“Crush,” featuring eighteen canvases made over the past two years, was a belated New York solo debut for prominent Montreal-based painter Janet Werner. Her earlier work often took the form of portraits—but imaginary ones, made without the use of real or photographic models. According to the artist, those paintings “actually came out of an investigation of abstraction.” Judging from reproductions, they certainly had nothing to do with realism, allowing painterliness its own impulses as it flirts with the grotesque. Later, she began mining fashion magazines for source material. That’s well-trod

  • Norman Bluhm, Untitled, Studies in Blue, White, Gray, 1975, oil on canvas, 4 × 20'.

    Norman Bluhm

    Frank O’Hara contrasted the art of Norman Bluhm (1921–1999) with that of Jasper Johns, saying, “Johns’s business is to resist desire, Bluhm unconsciously inspires it.” Perhaps the poet’s remark helped turn Bluhm’s instinctive aesthetic goal into a more deliberate project. In any case, by the end of the 1960s, Bluhm’s imagery had swerved from the gestural abstraction for which he’d become well-known to a mode of painting that, while still nonrepresentational, was nonetheless highly evocative of the body; the work’s aggressive energy had morphed into a more seductive sensuality. This, apparently,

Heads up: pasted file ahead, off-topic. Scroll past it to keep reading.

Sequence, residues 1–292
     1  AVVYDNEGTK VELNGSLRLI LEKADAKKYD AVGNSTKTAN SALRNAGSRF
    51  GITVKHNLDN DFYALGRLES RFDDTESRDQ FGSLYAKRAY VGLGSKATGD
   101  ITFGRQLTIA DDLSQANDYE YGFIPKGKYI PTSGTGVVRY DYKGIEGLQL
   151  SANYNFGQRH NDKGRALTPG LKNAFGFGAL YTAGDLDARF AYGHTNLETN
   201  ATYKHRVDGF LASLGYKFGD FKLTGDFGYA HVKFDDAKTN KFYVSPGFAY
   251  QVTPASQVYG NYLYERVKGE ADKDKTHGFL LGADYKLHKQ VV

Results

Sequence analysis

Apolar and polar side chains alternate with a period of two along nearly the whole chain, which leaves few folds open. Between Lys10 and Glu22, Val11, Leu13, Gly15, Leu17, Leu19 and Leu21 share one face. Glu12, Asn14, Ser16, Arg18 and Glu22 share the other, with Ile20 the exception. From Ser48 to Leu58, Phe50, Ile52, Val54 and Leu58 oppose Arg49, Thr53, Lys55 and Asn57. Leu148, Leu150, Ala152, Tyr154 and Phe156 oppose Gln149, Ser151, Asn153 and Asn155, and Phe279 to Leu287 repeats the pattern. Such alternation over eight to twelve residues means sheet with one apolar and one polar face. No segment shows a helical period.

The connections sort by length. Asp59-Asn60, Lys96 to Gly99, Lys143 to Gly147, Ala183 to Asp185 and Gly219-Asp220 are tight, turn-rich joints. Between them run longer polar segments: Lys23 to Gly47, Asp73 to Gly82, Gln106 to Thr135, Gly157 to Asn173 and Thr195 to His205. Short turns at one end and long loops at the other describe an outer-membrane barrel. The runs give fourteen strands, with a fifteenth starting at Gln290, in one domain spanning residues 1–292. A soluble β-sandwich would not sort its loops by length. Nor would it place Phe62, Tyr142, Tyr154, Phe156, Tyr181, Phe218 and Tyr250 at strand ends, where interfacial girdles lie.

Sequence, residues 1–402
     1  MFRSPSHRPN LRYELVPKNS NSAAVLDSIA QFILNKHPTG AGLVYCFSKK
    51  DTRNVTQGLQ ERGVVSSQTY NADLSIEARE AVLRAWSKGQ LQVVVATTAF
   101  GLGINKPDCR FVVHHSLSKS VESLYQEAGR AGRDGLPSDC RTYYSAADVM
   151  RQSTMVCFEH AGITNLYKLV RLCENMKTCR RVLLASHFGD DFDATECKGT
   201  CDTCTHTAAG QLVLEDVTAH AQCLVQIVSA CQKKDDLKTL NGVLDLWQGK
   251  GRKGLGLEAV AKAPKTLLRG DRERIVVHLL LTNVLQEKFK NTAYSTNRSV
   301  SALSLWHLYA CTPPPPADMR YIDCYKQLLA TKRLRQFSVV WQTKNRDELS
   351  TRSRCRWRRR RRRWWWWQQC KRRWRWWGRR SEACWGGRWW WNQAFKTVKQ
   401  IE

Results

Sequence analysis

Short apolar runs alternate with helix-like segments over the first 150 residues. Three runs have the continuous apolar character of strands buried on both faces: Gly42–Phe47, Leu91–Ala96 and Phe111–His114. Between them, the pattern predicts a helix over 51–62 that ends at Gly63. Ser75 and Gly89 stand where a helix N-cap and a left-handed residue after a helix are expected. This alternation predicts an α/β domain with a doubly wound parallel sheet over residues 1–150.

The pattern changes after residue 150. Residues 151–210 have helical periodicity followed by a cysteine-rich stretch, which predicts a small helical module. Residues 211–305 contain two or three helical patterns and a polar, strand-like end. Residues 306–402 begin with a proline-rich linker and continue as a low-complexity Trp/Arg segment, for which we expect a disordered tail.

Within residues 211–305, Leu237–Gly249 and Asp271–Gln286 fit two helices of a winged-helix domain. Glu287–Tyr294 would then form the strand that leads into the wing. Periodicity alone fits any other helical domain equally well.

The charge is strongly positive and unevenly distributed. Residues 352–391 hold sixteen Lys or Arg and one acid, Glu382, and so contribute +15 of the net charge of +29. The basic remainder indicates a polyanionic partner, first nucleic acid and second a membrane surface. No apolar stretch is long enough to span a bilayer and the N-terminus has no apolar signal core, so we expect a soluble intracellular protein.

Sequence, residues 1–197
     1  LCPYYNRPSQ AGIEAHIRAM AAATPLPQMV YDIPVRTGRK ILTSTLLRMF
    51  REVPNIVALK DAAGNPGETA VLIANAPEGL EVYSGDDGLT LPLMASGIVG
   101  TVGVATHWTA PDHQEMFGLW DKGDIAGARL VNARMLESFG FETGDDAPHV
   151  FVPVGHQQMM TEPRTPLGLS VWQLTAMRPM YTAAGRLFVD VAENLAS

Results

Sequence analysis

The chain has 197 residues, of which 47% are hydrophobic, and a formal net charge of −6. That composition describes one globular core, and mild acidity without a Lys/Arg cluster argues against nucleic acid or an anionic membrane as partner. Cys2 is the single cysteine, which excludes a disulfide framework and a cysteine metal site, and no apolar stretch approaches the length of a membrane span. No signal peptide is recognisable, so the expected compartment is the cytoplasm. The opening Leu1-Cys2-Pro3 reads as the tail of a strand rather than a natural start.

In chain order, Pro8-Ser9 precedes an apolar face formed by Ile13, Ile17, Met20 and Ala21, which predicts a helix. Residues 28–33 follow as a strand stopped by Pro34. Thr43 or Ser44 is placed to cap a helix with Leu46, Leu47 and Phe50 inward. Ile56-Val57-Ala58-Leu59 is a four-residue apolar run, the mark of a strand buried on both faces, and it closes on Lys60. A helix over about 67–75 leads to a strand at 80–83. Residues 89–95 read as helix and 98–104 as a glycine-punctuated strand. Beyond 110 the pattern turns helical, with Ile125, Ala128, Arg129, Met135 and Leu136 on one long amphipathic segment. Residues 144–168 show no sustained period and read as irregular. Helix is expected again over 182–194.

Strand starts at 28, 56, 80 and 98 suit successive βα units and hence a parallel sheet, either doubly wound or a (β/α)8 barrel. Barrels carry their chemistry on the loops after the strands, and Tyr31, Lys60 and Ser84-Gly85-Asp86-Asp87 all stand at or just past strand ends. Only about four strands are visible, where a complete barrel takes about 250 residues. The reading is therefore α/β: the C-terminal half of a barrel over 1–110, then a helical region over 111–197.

• Simone Kearney, Crier (XXI), 2022, unfired clay, 15 × 10 × 7". From the series “Criers,” 2021–22.

    Simone Kearney